Introducing the New TweetPsych and TweetPsych for Lists

After I first launched the Twitter psychological profiling tool TweetPsych, some of the most common feedback I got was that it was hard to understand the results. So I designed a new reporting mechanism and design to solve that problem. The new TweetPsych uses “meta dimensions” which are combination of related factors from the two linguistic algorithms (RID and LIWC) the application uses. Each of these comes with a description and is represented on a bar graph. Each user’s profile is compared against the average user and the report explains which dimensions occur more or less frequently than the average.

I also launched a new feature for the site. TweetPsych for Lists allows you to do the same kind of psychological profiling, but of entire lists. Curious to know what the inside of Zappo’s employees’ heads looks like? Here you go.

If you have other ideas on how to make TweetPsych even better, let me know.

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Tom Moullet January 4, 2010 at 11:11 pm

Very awesome. If I could make one change, I would make it so that when a trait goes negative (ie 70% less than average etc) have the tense/tone of the description take into account the absence of that trait instead of having the trait descriptions remain constant.

John Paul January 4, 2010 at 10:59 pm

Very cool tool.. don't know if I wanna know what it tells me :)

PhilRichards January 5, 2010 at 10:02 am

Thanks Dan, I enjoyed using this and think that it has the potential of being a great help.

I need a little more help on interpretation though…. My report said:-

“This user Tweets about anxiety 46% less than the average user. This includes uncertainty, nervousness and apprehension. It may indicate a stress and fear. “

So does that mean I am exhibiting stress and fear 46% less than the average user ?

It is probably obvious to you – but I fail to be clear what the system is telling me.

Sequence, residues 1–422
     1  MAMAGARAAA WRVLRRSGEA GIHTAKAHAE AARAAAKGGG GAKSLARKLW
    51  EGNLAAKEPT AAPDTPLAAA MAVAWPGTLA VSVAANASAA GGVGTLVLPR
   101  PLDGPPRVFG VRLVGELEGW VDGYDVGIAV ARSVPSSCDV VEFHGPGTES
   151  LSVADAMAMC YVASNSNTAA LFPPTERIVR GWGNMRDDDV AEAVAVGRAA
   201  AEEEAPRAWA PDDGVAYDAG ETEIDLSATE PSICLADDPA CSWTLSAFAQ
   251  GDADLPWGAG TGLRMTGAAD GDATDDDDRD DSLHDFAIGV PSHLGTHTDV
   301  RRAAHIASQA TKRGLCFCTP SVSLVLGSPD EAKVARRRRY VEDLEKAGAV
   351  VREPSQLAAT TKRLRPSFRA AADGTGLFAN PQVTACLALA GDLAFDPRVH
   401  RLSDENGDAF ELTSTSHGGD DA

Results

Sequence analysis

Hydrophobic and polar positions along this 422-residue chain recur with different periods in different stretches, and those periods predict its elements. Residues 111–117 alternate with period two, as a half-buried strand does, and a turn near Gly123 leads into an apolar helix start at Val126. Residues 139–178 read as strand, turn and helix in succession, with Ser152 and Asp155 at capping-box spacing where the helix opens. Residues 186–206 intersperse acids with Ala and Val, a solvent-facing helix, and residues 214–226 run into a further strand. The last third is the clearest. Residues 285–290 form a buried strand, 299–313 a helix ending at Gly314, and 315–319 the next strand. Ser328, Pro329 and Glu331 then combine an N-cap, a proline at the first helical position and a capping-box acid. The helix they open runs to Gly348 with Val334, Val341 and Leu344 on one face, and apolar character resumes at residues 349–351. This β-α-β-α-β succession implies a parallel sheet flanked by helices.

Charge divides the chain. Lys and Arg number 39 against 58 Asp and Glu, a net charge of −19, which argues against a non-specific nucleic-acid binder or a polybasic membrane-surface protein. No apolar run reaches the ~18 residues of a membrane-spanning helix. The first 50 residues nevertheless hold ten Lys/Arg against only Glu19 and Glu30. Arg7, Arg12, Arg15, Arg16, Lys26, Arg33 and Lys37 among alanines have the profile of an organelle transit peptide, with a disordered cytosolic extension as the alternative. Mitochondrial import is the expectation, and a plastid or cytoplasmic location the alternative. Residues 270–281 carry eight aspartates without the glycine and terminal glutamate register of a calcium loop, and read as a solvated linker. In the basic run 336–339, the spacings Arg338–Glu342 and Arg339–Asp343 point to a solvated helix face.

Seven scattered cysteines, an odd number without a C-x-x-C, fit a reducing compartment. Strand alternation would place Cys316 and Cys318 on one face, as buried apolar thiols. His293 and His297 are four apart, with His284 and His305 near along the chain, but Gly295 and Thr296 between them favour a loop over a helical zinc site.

znmeb January 5, 2010 at 3:16 pm

I stumbled across “” a couple of days ago. That appears to be a “pure LIWC” approach. I was disappointed in its results. I'm curious if you think adding RID makes any difference.

I'm skeptical about TweetPsych and AnalyzeWords for two reasons:

1. Tweets aren't sentences. They *can* be, but are often merely links to larger bodies of text outside of Twitter, not necessarily written by the tweeter. For example, a blogger will often post a link to a blog post. To really analyze the tweet(er), you'd have to follow the link, determine that the tweeter was the author, and analyze the blog post. I suppose you could filter out all of a person's tweets that weren't stand-alone sentences and those tweets that contained links, but …

2. Tweets aren't English. There's no English equivalent for a hashtag, an @reply, or retweets either using the built-in retweet button or manual editing.

In short, tweets are a new (meta)language, with syntax and semantics evolving in near real time. That's going to pose a challenge for those who would automate the extraction of meaning from the tweet stream. It is a challenge I see being addressed, and TweetPsych seems to be a piece of the puzzle. But we aren't there yet.

Bryan Bliss January 5, 2010 at 3:47 pm

I Like the idea and i'm interested in the science of what you've put together here.
The zappos report seems like a pretty thorough analysis but when i consider some of the things i use in psych profiling.